On 17 February 2021, the Redress for Survivors (Historical Child Abuse in Care) (Scotland) Bill passed stage 2 of the three stage Scottish legislative process. This stage was carried out by the Education and Skills Committee of the Scottish Parliament. Over two meetings, the committee considered 139 proposed amendments to the bill. The bill as amended at stage 2 is here. No date has yet been set for stage 3 consideration of possible further amendments by the Scottish Parliament, sitting as a whole in chamber, or for the final debate and vote at stage 3 on whether to pass the bill. There does, however, appear to be considerable cross-party political will for this to happen on or before Thursday 25 March 2021 when the parliament will enter recess ahead of the 6 May 2021 Scottish Parliamentary election.Continue reading
On 17 February 2021, the Scottish Child Abuse Inquiry (SCAI) published its fourth set of case study findings.
The latest findings follow evidence heard at Phase 4 of SCAI’s public hearings between 4 June and 16 July, both 2019 on a residential care home, St Ninian’s in Fife, run by The Christian Brothers, a male, Catholic, religious order. The findings cover the period between 1953 and 1983. A link to the findings is here.Continue reading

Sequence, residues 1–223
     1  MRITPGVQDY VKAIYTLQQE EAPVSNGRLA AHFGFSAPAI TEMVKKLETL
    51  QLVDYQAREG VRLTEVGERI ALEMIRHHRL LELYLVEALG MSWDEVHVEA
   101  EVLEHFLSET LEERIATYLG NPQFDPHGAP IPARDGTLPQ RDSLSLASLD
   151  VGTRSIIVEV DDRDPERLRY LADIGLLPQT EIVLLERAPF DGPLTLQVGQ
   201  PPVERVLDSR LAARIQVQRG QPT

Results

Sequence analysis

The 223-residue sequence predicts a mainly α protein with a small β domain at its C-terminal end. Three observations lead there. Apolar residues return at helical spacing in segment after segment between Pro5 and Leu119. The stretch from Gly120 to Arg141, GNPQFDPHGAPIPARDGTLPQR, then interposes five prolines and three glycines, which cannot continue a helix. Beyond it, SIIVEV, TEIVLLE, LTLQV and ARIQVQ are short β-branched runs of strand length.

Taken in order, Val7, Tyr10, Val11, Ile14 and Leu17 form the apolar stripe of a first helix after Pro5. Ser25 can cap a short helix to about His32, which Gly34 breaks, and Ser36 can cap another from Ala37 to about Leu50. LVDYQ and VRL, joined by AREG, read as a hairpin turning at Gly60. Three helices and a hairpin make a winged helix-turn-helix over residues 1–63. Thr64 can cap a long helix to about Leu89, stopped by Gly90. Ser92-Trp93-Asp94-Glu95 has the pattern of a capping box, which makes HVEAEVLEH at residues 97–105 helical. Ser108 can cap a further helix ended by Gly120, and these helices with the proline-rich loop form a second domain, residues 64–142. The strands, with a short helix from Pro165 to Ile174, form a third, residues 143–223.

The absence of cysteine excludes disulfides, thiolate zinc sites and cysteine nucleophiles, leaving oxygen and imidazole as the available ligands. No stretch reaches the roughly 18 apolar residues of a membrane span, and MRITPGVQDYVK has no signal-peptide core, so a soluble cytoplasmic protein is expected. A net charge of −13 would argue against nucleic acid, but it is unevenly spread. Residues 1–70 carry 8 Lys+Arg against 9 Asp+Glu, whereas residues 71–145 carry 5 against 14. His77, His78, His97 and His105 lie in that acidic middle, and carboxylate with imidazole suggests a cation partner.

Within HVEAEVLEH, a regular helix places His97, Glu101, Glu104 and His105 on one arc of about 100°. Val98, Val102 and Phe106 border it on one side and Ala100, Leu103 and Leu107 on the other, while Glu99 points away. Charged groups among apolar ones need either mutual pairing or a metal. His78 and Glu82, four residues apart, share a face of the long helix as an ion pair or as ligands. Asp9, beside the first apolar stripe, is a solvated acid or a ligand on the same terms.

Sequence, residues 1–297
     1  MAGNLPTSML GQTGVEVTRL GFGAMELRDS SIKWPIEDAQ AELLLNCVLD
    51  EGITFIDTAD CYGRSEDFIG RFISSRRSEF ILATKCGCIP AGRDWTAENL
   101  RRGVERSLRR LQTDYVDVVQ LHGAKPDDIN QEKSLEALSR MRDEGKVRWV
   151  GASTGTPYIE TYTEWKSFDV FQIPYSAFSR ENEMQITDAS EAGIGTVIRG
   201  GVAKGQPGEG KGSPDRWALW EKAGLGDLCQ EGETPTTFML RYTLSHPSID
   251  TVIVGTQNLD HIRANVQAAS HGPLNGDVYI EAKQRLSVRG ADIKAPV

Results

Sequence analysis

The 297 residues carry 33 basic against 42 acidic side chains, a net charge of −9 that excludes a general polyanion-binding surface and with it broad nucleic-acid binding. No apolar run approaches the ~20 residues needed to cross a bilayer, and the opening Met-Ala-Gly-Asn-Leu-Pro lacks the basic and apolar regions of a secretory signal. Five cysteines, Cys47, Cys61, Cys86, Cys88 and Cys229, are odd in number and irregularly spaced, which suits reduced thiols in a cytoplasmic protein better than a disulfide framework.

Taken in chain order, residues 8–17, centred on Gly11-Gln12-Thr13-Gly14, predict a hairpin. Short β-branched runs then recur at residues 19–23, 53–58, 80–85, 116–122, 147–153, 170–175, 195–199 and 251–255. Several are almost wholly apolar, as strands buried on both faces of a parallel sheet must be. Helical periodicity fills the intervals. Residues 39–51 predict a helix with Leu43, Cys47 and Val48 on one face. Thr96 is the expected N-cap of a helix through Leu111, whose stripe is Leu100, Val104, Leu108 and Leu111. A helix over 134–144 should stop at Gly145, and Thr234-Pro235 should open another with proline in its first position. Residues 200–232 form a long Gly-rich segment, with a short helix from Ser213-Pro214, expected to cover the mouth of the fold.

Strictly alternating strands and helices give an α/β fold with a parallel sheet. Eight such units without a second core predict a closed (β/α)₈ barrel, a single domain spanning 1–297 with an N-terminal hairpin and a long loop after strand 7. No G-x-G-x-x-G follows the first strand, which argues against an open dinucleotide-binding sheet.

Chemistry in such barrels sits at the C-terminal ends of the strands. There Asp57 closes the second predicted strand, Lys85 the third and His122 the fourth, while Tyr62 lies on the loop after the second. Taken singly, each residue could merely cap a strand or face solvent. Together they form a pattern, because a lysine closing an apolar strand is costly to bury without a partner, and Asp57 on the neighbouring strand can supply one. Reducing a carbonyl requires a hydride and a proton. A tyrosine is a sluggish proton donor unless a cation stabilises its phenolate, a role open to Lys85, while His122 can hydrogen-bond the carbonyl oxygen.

On 11 February 2021, the Scottish Football Association (SFA) published a final, independent report on sexual abuse in Scottish football. This report – link here – is dated July 2020. The reasons, if any, for the delay in publication are unclear.
The report comprises three sections, broadly covering:
- Individual accounts of the events and incidents of non-recent child sexual abuse in Scottish football mainly occurring in the 1970s, 80s and 90s;
- The safeguarding “journey” within Scottish football from the 1990s until recent years; and
- The current arrangements and issues in Scottish football related to the wellbeing and protection of young people from sexual abuse and exploitation.
The Scottish legislation which retrospectively abolished limitation in personal injury claims arising from childhood abuse expressly retained defences where a fair trial would be “impossible” and where the retrospective effect of the abolition of limitation gives rise to “substantial prejudice” to the defender sufficient to outweigh the interests of the pursuer in the case proceeding.
In a previous blog (link here), we commented on the sheriff’s decision in LM v The Executor of DG. This was the first reported judgment on the fair hearing defence. After hearing legal argument, but no evidence, the sheriff refused to dismiss the case on the basis of the fair hearing defence but neither upheld nor rejected the defence, deciding instead that evidence would need to be heard first. So, the sheriff fixed a proof (evidential trial) on all issues.Continue reading